19. George J. Borjas, 1994. "The Economics of Immigration," Journal of Economic Literature, American Economic Association, vol. 32(4), pages 1667-1717, December.
    20. Valerie Preston & S. McLafferty & X.F. Liu, 1998. "Geographical Barriers to Employment for American-born and Immigrant Workers," Urban Studies, Urban Studies Journal Limited, vol. 35(3), pages 529-545, March.
    21. Biddle, Jeff E & Hamermesh, Daniel S, 1990. "Sleep and the Allocation of Time," Journal of Political Economy, University of Chicago Press, vol. 98(5), pages 922-943, October.
    22. Theodore C. Bergstrom, 1996. "Economics in a Family Way," Journal of Economic Literature, American Economic Association, vol. 34(4), pages 1903-1934, December.
    23. Mark Aguiar & Erik Hurst, 2007. "Measuring Trends in Leisure: The Allocation of Time Over Five Decades," The Quarterly Journal of Economics, Oxford University Press, vol. 122(3), pages 969-1006.
    24. Chiappori, Pierre-Andre, 1988. "Rational Household Labor Supply," Econometrica, Econometric Society, vol. 56(1), pages 63-90, January.
    25. Chiappori, Pierre-Andre, 1997. "Introducing Household Production in Collective Models of Labor Supply," Journal of Political Economy, University of Chicago Press, vol. 105(1), pages 191-209, February.
    26. Christopher Worswick, 1999. "Credit Constraints and the Labour Supply of Immigrant Families in Canada," Canadian Journal of Economics, Canadian Economics Association, vol. 32(1), pages 152-170, February.
    27. Maite Blázquez & Carlos Llano & Julian Moral, 2010. "Commuting Times: Is There Any Penalty for Immigrants?," Urban Studies, Urban Studies Journal Limited, vol. 47(8), pages 1663-1686, July.
    28. Baker, Michael & Benjamin, Dwayne, 1997. "The Role of the Family in Immigrants' Labor-Market Activity: An Evaluation of Alternative Explanations," American Economic Review, American Economic Association, vol. 87(4), pages 705-727, September.
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    30. Pia M. Orrenius & Madeline Zavodny, 2009. "The effects of tougher enforcement on the job prospects of recent Latin American immigrants," Journal of Policy Analysis and Management, John Wiley & Sons, Ltd., vol. 28(2), pages 239-257.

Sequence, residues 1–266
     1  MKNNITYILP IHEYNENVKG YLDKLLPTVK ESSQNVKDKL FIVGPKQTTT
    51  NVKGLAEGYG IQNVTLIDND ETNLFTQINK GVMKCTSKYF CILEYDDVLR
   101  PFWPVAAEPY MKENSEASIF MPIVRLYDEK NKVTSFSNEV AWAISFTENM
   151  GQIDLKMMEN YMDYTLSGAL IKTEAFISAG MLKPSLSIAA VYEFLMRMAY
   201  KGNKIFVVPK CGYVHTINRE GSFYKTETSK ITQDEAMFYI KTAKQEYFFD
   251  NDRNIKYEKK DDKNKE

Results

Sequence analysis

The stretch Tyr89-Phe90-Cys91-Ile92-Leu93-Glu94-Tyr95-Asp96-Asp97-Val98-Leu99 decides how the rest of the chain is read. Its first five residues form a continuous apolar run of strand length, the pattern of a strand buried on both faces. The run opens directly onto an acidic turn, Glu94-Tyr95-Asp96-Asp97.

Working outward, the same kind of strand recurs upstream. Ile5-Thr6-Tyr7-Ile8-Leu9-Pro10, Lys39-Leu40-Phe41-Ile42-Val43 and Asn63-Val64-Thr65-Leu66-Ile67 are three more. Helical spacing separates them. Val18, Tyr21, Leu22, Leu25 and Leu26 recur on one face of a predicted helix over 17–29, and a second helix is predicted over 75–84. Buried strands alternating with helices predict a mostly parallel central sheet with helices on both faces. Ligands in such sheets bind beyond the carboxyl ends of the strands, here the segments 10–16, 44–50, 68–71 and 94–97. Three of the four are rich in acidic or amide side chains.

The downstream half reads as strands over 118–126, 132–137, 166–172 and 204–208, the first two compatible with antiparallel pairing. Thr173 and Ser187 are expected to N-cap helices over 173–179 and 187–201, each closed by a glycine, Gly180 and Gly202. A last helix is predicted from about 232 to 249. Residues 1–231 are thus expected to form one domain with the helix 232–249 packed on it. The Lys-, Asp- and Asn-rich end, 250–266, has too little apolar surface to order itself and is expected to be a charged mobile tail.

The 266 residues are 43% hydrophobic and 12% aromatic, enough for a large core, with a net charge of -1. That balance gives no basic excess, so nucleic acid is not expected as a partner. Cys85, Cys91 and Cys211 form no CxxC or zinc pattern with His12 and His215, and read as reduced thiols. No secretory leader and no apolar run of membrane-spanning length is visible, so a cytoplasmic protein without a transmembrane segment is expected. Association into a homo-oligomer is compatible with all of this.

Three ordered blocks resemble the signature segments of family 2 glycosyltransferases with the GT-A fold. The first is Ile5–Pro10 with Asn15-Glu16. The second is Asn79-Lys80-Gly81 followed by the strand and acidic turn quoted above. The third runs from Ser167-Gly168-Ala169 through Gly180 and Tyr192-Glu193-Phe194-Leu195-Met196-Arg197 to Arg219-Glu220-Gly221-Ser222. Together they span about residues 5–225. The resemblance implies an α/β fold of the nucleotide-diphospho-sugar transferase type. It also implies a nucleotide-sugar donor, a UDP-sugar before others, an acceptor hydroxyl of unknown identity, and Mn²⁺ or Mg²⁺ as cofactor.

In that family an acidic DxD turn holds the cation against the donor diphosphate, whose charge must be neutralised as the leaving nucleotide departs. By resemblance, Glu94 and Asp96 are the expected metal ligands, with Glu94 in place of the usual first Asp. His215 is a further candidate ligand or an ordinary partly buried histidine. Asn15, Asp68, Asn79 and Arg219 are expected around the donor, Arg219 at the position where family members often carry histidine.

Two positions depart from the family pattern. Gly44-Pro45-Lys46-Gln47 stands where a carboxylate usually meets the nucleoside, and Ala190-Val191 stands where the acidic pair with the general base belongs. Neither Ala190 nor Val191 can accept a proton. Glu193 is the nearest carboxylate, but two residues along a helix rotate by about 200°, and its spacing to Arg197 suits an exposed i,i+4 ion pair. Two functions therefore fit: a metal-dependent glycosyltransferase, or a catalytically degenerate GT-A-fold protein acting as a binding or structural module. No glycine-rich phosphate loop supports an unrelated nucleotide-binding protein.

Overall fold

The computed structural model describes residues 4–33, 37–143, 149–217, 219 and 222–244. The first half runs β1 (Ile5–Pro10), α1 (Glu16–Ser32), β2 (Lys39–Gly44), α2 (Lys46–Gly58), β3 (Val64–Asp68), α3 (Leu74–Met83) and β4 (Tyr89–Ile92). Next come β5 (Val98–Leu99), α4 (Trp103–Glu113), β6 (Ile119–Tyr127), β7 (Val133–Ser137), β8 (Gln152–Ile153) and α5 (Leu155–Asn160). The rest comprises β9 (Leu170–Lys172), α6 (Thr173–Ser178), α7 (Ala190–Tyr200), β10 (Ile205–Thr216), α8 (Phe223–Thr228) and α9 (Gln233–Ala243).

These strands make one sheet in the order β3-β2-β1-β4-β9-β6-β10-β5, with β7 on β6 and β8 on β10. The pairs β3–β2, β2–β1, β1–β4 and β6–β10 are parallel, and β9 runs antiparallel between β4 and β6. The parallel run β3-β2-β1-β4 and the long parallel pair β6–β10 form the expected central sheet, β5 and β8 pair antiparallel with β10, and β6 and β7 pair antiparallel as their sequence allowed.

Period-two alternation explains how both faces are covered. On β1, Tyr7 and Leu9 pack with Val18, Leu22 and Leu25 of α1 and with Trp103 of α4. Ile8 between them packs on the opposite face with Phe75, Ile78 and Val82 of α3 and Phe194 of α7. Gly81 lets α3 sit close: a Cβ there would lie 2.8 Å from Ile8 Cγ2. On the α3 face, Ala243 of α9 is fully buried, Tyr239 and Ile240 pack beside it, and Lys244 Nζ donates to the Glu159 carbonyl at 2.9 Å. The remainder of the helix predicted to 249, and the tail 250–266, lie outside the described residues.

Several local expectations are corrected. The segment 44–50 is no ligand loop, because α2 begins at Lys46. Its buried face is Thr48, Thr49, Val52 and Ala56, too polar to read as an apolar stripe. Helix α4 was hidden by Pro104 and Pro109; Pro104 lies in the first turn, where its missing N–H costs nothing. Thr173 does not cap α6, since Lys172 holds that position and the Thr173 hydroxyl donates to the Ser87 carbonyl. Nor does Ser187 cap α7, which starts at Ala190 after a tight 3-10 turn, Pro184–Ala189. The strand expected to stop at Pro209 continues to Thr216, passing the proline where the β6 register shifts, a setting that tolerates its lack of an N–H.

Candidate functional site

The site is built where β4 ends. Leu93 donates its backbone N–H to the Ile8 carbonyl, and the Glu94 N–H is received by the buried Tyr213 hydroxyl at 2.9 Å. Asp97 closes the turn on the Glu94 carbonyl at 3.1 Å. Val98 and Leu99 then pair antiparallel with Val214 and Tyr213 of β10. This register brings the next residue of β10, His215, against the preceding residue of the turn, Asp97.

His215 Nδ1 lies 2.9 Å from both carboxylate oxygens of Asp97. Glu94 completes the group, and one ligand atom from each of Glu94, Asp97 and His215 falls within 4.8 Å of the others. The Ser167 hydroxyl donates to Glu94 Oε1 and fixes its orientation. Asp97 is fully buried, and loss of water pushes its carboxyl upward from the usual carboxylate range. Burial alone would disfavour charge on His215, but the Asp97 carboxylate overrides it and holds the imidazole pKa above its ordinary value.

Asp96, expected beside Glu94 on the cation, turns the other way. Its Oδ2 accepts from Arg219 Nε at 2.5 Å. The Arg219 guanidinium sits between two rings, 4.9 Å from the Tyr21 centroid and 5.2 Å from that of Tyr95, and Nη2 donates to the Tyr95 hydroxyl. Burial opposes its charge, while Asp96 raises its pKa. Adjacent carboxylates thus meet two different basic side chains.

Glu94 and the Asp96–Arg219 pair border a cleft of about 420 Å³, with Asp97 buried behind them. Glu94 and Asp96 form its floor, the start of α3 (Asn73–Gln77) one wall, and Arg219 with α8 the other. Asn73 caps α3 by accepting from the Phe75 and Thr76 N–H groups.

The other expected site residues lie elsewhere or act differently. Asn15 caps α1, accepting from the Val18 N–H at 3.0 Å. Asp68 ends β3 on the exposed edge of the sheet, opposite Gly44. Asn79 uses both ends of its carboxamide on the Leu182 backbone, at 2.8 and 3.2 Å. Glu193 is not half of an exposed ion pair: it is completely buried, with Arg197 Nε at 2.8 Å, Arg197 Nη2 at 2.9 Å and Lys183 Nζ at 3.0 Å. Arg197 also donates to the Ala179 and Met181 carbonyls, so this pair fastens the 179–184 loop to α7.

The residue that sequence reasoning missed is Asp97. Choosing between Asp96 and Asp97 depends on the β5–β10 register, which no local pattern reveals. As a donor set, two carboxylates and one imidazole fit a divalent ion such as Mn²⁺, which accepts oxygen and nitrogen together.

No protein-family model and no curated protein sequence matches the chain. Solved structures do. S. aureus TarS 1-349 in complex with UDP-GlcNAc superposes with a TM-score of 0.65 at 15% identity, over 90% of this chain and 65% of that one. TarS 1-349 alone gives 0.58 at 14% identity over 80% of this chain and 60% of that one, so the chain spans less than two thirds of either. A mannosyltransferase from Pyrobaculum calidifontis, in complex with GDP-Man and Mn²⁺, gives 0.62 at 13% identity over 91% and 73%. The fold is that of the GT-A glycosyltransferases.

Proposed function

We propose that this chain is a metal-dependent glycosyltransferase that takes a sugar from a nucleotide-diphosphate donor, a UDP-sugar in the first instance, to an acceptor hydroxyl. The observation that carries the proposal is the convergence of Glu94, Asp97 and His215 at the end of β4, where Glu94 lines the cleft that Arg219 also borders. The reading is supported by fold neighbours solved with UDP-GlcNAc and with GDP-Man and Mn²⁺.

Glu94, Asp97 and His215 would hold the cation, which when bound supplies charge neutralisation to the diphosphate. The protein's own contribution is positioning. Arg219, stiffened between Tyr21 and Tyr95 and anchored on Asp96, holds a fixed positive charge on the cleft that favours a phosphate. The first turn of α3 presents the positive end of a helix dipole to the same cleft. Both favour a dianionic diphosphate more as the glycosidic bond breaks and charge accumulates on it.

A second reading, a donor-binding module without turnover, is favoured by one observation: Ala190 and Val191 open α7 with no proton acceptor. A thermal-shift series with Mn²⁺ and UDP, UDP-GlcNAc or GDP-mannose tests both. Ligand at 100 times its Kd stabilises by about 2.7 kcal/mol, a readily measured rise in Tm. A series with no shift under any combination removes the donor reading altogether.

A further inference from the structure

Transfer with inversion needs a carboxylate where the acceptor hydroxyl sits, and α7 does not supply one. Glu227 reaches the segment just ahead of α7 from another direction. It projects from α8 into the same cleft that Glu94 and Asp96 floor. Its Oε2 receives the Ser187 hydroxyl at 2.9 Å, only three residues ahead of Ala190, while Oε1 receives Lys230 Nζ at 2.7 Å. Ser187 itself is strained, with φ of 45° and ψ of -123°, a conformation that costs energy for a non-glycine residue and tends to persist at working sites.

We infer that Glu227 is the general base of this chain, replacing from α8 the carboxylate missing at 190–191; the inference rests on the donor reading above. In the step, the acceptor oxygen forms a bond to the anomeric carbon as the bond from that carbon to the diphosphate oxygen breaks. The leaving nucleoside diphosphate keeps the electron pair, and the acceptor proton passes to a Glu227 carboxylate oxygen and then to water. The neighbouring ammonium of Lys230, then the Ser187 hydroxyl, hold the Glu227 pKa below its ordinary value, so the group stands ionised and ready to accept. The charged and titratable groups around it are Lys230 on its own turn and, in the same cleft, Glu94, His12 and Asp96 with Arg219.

31. repec:aph:ajpbhl:10.2105/ajph.2008.145169_3 is not listed on IDEAS
    32. Sabrina Wulff Pabilonia & Jennifer Ward-Batts, 2007. "The Effect of Child Gender on Parents' Labor Supply: An Examination of Natives, Immigrants, and their Children," American Economic Review, American Economic Association, vol. 97(2), pages 402-406, May.
    33. Francine D. Blau & Lawrence M. Kahn & Joan Y. Moriarty & Andre Portela Souza, 2003. "The Role of the Family in Immigrants' Labor-Market Activity: An Evaluation of Alternative Explanations: Comment," American Economic Review, American Economic Association, vol. 93(1), pages 429-447, March.
    34. Suzanne Bianchi, 2000. "Maternal employment and time with children: Dramatic change or surprising continuity?," Demography, Springer;Population Association of America (PAA), vol. 37(4), pages 401-414, November.
    35. Anzelika Zaiceva & Klaus Zimmermann, 2011. "Do ethnic minorities “stretch” their time? UK household evidence on multitasking," Review of Economics of the Household, Springer, vol. 9(2), pages 181-206, June.
    36. Cortes, Kalena E., 2004. "Are Refugees Different from Economic Immigrants? Some Empirical Evidence on the Heterogeneity of Immigrant Groups in the United States," IZA Discussion Papers 1063, Institute for the Study of Labor (IZA).
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    Cited by:

    1. Nikolova, Milena & Graham, Carol, 2015. "In transit: The well-being of migrants from transition and post-transition countries," Journal of Economic Behavior & Organization, Elsevier, vol. 112(C), pages 164-186.

    More about this item

    Keywords

    Development Studies; Economics and Finance; Politics and Public Policy Social Policy and Sociology; Urban and Regional Studies;

    JEL classification:

    • J22 - Labor and Demographic Economics - - Demand and Supply of Labor - - - Time Allocation and Labor Supply
    • J61 - Labor and Demographic Economics - - Mobility, Unemployment, Vacancies, and Immigrant Workers - - - Geographic Labor Mobility; Immigrant Workers